The percentage of Americans who belong to a church, synagogue or mosque has hit a historic low, a Gallup report shows. The new report has found that an average of 50% of Americans in 2018 said they belong or are members of a church or other religious institution. This represents a 20% decline in church membership over the past 20 years, and the lowest it has been since Gallup began polling the question in 1937. Previously church membership reported being at least 70% or more from the years 1937 through 1976. For Democrats, Independents, Hispanics and men, fewer than half report being members of a church or other religious institution.
The new Gallup report analyses the organization’s data in 2018 based on telephone interviews with a random sample of over 7,688 adults from all American states. Gallup’s report compares the data from 2018 to Gallup polling results from to 2000. The decline in church membership coincides with an increase in Americans who claim they don’t have any religious affiliation. The data also shows that Americans with a religious affiliation has dropped to 77%, down from 90% in 2000. Those reporting no religious affiliation has doubled from 9% to 19% in 2018. Among those who claim no religious affiliation, 7% report belonging to a church.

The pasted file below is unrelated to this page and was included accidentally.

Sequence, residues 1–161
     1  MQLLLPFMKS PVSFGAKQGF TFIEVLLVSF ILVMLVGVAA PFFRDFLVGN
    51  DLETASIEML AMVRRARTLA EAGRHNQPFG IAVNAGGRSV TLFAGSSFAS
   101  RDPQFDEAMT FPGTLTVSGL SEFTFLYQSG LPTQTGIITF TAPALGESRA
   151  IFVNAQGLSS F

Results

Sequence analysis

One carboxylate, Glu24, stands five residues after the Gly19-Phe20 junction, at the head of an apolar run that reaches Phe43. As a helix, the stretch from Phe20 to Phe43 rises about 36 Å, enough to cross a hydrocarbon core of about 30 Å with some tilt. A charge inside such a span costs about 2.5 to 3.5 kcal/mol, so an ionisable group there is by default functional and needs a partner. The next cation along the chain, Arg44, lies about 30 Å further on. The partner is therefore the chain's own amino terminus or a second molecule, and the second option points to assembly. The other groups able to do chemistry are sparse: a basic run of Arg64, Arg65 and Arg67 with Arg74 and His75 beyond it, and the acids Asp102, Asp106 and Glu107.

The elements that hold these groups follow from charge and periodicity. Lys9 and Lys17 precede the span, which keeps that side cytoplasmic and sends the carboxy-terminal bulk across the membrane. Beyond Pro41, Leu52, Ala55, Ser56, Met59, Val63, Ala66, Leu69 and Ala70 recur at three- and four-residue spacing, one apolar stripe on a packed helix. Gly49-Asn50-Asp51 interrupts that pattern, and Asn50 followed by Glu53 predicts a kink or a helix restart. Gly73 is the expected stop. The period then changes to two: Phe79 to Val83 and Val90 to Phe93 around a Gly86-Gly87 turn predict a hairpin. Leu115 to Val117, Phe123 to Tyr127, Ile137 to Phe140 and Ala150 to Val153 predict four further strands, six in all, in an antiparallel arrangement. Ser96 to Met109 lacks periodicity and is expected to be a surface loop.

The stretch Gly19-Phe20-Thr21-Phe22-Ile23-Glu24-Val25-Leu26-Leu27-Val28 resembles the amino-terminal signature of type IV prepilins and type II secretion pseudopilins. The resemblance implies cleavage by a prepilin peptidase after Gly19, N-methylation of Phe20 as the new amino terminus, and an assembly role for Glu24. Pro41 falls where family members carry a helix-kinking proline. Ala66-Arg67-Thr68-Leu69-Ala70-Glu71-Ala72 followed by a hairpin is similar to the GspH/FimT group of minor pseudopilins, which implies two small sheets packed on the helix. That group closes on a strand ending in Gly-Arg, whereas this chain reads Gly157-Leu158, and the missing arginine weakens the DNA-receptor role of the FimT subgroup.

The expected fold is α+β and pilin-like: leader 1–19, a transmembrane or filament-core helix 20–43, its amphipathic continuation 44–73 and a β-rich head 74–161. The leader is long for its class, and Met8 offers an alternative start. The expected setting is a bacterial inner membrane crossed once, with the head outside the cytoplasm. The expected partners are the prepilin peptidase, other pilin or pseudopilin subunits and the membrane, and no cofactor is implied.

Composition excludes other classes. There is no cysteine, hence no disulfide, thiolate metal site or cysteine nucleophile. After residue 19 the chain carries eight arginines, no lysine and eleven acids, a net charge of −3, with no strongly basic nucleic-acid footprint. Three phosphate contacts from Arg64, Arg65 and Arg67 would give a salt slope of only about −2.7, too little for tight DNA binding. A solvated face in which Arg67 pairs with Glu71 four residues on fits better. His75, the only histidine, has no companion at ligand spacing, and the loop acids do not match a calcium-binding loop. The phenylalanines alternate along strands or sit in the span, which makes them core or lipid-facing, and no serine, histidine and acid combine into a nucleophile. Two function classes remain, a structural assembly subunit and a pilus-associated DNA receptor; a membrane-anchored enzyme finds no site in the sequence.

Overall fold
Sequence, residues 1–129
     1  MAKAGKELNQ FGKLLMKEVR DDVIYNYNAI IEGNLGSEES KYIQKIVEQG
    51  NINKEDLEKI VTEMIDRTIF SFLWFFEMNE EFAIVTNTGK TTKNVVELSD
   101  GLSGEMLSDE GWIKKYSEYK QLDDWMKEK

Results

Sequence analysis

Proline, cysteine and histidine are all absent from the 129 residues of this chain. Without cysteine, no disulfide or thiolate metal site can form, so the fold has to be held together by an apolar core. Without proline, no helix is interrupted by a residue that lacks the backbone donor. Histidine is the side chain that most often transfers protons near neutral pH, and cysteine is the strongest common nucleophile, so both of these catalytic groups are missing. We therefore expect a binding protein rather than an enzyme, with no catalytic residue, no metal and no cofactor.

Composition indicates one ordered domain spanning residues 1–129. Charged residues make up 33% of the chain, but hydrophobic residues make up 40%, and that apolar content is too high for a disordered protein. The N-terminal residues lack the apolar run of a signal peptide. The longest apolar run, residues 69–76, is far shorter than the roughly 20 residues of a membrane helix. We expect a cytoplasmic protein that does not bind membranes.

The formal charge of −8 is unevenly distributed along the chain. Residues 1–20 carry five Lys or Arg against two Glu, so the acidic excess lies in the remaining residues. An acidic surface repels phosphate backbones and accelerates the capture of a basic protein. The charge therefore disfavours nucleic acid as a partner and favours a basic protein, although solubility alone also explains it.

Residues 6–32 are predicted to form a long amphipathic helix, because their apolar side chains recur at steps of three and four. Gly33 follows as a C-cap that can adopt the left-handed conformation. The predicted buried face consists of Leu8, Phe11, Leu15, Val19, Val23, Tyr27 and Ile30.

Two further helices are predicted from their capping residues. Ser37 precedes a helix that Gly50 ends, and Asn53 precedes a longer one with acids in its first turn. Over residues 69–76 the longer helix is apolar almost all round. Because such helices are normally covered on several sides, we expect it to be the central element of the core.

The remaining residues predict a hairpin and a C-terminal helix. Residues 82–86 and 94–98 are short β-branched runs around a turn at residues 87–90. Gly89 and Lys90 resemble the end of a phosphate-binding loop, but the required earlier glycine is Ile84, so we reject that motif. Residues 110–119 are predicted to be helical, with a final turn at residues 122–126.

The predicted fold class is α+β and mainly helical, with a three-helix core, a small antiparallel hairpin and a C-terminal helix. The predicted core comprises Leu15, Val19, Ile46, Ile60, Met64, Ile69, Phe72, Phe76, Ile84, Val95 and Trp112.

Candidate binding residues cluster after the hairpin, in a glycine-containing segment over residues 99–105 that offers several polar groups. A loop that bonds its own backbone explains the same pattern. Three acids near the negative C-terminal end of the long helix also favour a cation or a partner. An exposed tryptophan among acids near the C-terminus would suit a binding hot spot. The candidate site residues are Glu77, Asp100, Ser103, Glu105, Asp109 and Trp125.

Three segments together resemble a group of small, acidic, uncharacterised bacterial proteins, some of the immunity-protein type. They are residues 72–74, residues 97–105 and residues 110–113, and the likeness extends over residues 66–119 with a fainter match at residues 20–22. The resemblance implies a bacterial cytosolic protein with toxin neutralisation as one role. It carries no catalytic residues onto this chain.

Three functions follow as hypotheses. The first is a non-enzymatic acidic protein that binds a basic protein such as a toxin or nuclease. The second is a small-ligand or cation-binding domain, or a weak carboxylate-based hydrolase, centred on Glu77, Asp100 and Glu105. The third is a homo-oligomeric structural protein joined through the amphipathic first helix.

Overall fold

The trend coincides with a decline in church membership among people who do have religious preferences. In 2000 it showed that 73% of adults with a religious preference belonged to a church. But the recent polling shows that only 64% of adults with a religious preference belong to a church. The low level of church membership among millennials (42%) is also contributing to an accelerating trend because millennials were too young to be polled as adults in 2000. Additionally, 29% of millennials report having no religious preference, compared to the 14% of the baby boomer generation and 18% of Generation X.
“The percentage of millennials with no religion may be continuing to grow, as an average of 33% in Gallup surveys conducted in 2019 to date say they have no religious affiliation,” Gallup Senior Editor Jeffery M. Jones said. The number of Catholics who belong to a church has dropped 13% (to 63%) since 2000, the data indicates. By comparison, the number of Protestants who belong to a church has dropped by only 6% (to 67%) over that time. “Whilst there has been a real decline in church membership according to Gallup, Protestant church attendance is virtually unchanged over the same period,” Jeff Walton, Program Director for the Institute on Religion & Democracy said.
The challenge is clear for churches. How do they convince some of the unaffiliated religious adults in society to make a commitment to a Church of their chosen faith? Roughly 25% of U.S. adults are religious but not members of a church, synagogue or mosque.” Although millennials are playing a key role in the decline of church membership, Jones explained that roughly 66% of millennials who have religious preferences may one day be convinced to join a church as they “get more established in their lives.” He suggested that having families can be an “impetus to becoming a part of a faith community.”
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